Off-Season, Non-Hunting Uses of Bolt Guns

The bolt-action rifle remains a popular choice in rifle actions. While semi-auto rifles have taken over a large portion of the market, I’d be willing to bet most hunters who are stepping into the blind or climbing the tree stand are toting bolt guns. This all-American game-getter has taken plenty of deer, hogs, and similar animals for many decades without fail.

Bolt guns are fairly simple firearms that are robust and reliable. They can chamber cartridges as small as .22 Long and as large as 20mm, although I doubt you’d use the latter for hunting anything but tanks. Bolt guns offer easy accuracy and top-of-the-line precision at a much more affordable price point than many semi-autos. Plus, they are legal in all 50 states.

While bolt guns are popular hunting options, what do you do with them when the season ends? For many, their bolt guns get thrown into the gun safe until next season. If you want to get more miles out of your bolt-action rifle, then you’ve come to the right place. Let’s explore what you can do with your bolt-action rifle when hunting season ends.

Training: Readying for the Shot Never Stops

Any hunter worth their spit doesn’t let the season dictate his or her skills with a rifle. As hunters, you have a responsibility to be a good shot. A good shot can humanely take an animal and eliminate any chance of suffering. To take those shots, you need to be able to put a bullet into a fairly small target. This means you need to be out training with your hunting rifle at different ranges and angles to ensure you put the animal down quickly and efficiently.

Beyond training for hunting, bolt-action rifles tend to be excellent tools for training new shooters. The manual action keeps shooters going slow and often forces them to focus on their shots. A semi-auto often allows new shooters to just chuck lead downrange. If you’ve ever taught a new shooter, you’ll see that with a semi-auto, that occasional frustration of missing will result in several rounds fired in rapid succession.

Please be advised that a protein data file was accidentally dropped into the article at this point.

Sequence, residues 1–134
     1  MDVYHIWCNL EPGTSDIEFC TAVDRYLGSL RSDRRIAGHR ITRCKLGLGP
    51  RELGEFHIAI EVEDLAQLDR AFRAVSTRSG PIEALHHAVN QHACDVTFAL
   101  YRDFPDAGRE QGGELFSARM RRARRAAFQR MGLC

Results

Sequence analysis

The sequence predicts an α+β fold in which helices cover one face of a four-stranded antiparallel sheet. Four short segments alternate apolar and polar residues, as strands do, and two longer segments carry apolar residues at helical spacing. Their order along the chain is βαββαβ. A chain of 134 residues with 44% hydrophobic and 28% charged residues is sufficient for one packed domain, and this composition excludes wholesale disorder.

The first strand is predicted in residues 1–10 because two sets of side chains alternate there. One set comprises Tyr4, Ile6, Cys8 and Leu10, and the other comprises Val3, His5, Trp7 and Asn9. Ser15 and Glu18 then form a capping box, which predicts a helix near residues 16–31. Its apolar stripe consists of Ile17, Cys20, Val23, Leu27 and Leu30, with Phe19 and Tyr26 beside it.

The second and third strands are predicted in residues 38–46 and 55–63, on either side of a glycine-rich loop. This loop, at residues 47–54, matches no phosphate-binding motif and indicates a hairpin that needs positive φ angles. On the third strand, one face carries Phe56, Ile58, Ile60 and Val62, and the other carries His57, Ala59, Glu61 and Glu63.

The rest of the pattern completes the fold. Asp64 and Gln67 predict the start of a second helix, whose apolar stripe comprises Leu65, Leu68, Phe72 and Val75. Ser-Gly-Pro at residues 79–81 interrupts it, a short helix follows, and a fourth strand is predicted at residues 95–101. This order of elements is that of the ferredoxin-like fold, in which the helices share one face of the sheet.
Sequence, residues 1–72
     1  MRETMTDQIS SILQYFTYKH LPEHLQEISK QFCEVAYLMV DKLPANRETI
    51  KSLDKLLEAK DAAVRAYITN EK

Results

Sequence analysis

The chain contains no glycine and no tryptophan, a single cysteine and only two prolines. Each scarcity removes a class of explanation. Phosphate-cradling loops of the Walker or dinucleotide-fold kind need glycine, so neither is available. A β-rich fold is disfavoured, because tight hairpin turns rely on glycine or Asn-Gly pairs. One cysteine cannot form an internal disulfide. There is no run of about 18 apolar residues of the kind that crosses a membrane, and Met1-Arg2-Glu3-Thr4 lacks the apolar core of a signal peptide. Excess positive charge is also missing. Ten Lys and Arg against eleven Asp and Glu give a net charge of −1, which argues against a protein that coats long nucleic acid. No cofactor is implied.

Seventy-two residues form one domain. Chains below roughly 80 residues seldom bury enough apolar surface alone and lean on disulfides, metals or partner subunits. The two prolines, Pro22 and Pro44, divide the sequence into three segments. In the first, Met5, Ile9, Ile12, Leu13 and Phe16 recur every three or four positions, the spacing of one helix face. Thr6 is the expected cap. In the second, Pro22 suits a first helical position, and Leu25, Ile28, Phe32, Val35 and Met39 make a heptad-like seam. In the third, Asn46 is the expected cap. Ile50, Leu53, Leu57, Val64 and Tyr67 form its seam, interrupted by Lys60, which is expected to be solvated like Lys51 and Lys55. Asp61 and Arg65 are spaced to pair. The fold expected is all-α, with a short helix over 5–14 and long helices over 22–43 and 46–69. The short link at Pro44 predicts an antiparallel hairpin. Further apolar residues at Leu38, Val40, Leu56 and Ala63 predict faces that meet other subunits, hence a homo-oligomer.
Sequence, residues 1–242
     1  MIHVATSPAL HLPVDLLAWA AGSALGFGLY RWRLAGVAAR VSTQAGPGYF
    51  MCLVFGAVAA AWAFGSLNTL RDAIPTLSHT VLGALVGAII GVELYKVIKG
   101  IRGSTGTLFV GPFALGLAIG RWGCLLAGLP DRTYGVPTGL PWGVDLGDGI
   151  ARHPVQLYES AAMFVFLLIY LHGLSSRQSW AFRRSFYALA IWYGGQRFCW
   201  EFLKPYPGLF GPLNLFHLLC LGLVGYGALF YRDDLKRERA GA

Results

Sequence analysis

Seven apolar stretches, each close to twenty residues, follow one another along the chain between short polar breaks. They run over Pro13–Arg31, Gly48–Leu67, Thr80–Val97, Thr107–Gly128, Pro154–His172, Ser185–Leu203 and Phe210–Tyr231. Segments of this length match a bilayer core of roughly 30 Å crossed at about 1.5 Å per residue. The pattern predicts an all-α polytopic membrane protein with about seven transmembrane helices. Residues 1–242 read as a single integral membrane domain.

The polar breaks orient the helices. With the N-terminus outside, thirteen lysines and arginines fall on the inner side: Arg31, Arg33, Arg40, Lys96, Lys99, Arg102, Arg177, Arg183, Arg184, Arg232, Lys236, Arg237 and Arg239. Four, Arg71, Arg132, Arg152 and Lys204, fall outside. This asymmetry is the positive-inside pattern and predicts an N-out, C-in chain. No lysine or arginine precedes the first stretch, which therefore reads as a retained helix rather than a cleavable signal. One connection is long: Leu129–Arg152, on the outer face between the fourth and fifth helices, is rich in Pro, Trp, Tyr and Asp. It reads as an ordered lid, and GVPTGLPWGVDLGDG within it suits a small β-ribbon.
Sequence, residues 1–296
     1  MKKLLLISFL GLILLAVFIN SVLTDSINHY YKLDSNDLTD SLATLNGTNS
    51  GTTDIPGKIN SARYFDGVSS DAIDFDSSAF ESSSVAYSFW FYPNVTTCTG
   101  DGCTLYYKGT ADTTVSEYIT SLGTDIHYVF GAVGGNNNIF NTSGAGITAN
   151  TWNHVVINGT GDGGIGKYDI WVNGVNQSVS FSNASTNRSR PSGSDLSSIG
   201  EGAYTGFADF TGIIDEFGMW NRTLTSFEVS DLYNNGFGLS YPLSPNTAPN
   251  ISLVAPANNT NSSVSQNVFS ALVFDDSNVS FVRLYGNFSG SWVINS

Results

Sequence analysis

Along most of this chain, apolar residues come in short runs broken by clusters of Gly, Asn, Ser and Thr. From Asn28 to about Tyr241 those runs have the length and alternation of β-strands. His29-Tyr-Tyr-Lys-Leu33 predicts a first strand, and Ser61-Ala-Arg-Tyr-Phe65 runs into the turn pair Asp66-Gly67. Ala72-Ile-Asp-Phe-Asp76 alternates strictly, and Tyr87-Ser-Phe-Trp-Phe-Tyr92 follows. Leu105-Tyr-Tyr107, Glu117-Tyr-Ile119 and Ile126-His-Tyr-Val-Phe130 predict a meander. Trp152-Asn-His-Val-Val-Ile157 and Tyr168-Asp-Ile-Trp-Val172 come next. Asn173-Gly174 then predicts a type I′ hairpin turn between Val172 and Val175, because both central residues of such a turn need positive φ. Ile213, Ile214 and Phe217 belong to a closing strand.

ruger american predator rifle
Ruger’s American Predator in 6.5 Creedmoor is a great pick for a bolt gun. It’s extremely accurate and has low recoil. [Photo: Jim Davis]
The single-shot design of bolt actions also adds a degree of safety to teaching new shooters. I’ve had several new shooters turn around rapidly when they finally hit the bull’s eye in excitement to look at me. When they do, they often bring the gun with them. The best cure is to be close at hand to stop them from turning with the gun. The bolt action ensures the chamber isn’t loaded with a live round if they break the 180.

Finally, bolt-action rifles are lighter and easier to carry for new shooters. The controls are very simple and intuitive, often much more so than those of a semi-auto rifle.

Precision Shooting Competition: Enhancing the Dynamic of Running a Hunting Rifle

Between seasons, your bolt guns don’t need to waste away in the gun safe, alone, in the dark, and forgotten about. There are plenty of reasons to take it for a spin, and if you want an exciting and challenging way to get your gun running, then precision rifle competition is one way to get it done. Admittedly, the sport gets very competitive at the higher levels, but your hunting rifle wouldn’t be out of place at a local match.

prs shooters gifts
PRS is an interesting way to use a bolt gun in the off-season [Photo: Armageddon Gear]
Sure, lots of guys might spend more money on their optic for PRS than you spend for your entire setup, but if you just want to have fun while building skills, I wouldn’t stress it too much. I would suggest good glass regardless of the rifle’s purpose, and maybe a bipod and sling, and you’ll be ready to get shooting at a local match.

These competitions often involve shooting in a more dynamic than usual environment. You can be in odd positions and in odd situations that break you out of your comfort zone. This will certainly make deer hunting seem like an easy day.